If you signed up before 17 August 2016...
For an older plan from EE, or one of its defunct brands Orange or T-Mobile (sniff - bye guys, we miss you), you'll have to pay roaming rates if you use your phone abroad. They vary from country to country, but you can see them here.
That's unless you have a 4GEE Extra plan, which include calls and minutes - but not data, sadly - in most European countries, islands, regions and city states. Alternatively, if you're on a standard 4GEE plan, or with T-Mobile or Orange, you can get a travel add-on.
There's the Travel Data Pass, for instance, which gives you a bundle of data. For £3-£5 (depending where you are) per day, this add-on will give you 500MB of data and 24 hours to use it. While that doesn't seem like much data, it's more than sufficient for sending a few emails and posting that all important 'hey suckers, I'm on holiday' selfie on Facebook.
You can check what add-ons are available right here.
If you're an O2 (www.O2.co.uk) pay-monthly customer you have some options when you travel abroad (outside of Europe, that is). With O2 Travel, you can pay from £3.99 per day and get 120 calling minutes, 120 texts, and unlimited data for the day. O2 will slow your speed down once you've hit 150MB (or used 50MB on streaming) - but downloads are still unlimited.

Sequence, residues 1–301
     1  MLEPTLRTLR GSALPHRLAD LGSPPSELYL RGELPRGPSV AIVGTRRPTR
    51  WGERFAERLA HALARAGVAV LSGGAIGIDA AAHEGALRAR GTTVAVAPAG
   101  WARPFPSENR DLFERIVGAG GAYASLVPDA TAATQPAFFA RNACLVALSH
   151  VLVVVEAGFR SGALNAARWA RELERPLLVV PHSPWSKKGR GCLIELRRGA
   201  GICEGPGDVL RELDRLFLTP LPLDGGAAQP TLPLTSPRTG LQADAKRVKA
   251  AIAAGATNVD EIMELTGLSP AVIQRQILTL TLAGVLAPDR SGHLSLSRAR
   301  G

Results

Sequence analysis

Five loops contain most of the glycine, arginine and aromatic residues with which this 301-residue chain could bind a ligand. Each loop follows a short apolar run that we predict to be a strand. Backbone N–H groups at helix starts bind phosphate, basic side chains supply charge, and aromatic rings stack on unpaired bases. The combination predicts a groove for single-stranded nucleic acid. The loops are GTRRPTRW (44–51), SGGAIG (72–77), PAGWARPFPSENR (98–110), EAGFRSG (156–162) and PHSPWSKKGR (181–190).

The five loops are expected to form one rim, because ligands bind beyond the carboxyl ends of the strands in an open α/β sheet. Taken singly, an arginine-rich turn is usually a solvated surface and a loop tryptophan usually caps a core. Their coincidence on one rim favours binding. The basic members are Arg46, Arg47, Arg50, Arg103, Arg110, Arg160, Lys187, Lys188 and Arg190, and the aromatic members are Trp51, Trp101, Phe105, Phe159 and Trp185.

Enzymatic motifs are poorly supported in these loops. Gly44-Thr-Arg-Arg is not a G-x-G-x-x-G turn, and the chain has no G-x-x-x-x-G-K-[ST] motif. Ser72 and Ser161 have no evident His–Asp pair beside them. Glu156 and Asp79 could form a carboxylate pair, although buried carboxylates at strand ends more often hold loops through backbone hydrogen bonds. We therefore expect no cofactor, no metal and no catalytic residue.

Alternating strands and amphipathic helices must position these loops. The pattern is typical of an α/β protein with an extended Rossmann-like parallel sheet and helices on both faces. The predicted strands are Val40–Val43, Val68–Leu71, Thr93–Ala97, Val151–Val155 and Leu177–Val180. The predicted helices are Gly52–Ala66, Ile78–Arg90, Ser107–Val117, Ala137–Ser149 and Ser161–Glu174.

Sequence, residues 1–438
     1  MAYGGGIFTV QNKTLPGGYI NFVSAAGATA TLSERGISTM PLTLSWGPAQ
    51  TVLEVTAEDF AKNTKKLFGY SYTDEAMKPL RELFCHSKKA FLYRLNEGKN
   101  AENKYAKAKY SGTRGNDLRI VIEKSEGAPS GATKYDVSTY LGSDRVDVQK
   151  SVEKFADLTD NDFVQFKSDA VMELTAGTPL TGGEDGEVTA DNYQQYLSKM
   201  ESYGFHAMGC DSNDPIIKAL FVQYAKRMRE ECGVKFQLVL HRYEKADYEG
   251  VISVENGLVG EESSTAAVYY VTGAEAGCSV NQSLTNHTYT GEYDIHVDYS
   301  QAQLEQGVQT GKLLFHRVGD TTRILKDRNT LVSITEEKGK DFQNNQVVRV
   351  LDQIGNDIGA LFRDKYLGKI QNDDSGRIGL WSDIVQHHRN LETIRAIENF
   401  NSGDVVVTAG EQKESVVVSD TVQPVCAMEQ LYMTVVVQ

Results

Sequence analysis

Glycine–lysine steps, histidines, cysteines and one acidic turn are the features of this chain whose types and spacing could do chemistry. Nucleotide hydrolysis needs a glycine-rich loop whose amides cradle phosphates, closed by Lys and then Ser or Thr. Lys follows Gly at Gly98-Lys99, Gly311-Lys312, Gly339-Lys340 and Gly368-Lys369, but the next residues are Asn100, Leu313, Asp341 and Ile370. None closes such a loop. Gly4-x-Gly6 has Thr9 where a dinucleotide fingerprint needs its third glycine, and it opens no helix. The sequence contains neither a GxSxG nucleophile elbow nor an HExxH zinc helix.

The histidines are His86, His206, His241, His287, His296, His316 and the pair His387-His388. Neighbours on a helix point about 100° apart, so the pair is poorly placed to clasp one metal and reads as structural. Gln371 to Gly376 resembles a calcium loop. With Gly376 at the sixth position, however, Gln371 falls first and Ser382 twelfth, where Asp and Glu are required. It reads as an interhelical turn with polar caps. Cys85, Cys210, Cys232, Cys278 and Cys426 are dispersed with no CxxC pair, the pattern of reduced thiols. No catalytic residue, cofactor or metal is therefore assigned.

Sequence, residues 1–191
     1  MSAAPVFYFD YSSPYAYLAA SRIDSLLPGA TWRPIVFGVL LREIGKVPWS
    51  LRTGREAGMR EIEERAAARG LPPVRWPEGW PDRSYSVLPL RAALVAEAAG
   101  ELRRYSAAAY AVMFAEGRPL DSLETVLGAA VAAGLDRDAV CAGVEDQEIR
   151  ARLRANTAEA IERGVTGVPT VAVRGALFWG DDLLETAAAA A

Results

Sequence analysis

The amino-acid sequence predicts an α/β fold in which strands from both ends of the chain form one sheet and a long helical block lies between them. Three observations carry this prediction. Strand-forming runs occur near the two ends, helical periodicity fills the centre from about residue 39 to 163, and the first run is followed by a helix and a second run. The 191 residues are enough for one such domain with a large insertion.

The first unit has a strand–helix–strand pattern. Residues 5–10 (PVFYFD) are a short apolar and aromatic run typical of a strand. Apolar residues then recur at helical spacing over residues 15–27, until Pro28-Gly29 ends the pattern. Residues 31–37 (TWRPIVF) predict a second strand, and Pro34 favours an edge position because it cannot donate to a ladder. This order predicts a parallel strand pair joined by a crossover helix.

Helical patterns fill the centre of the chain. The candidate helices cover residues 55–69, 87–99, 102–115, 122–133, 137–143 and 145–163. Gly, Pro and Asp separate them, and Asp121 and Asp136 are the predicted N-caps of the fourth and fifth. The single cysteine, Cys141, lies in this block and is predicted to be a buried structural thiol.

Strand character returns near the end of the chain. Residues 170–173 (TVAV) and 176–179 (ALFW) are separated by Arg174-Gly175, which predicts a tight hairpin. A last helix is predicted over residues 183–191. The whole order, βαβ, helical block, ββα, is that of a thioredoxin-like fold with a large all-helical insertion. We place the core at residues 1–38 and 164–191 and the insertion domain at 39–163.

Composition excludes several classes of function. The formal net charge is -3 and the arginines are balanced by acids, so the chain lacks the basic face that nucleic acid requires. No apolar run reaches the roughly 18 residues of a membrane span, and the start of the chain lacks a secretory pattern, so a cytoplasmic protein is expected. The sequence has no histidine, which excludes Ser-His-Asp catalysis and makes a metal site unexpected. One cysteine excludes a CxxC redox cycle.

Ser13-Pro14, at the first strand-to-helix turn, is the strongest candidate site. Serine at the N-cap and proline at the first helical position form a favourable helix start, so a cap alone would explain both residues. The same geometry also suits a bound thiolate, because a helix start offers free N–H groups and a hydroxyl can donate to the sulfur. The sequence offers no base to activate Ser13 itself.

Until 15 June 2017, O2 Travel costs £1.99 per day within Europe - after then, you can just use your usual allowance.
Bear in mind it may take 24 hours to kick in, so unlike your packing, you probably don't want to leave it until the last minute.
The locations you can use O2 Travel in are:
- £3.99 a day - Turkey
- £4.99 a day - Albania, Argentina, Australia, Botswana, Brazil, Canada, Cape Verde, Chile, China, Colombia, El Salvador, Guatemala, Honduras, Hong Kong, Indonesia, Japan, Mexico, New Zealand, Nicaragua, Panama, Peru, South Africa, Sri Lanka, Thailand, UAE, Uruguay, USA, Venezuela
If you're travelling elsewhere, you can get one of O2's Data Abroad bolt-ons, which give you up to 200MB a month to use abroad. However, they can cost you - it works out as more than £1 a MB in a lot of countries, for instance.
A full list of O2's international tariffs and various bolt-ons can be found here.
Take out a Vodafone plan, and you'll get Global Roaming, which lets you use your allowance abroad in 50 'Roam-free' destinations.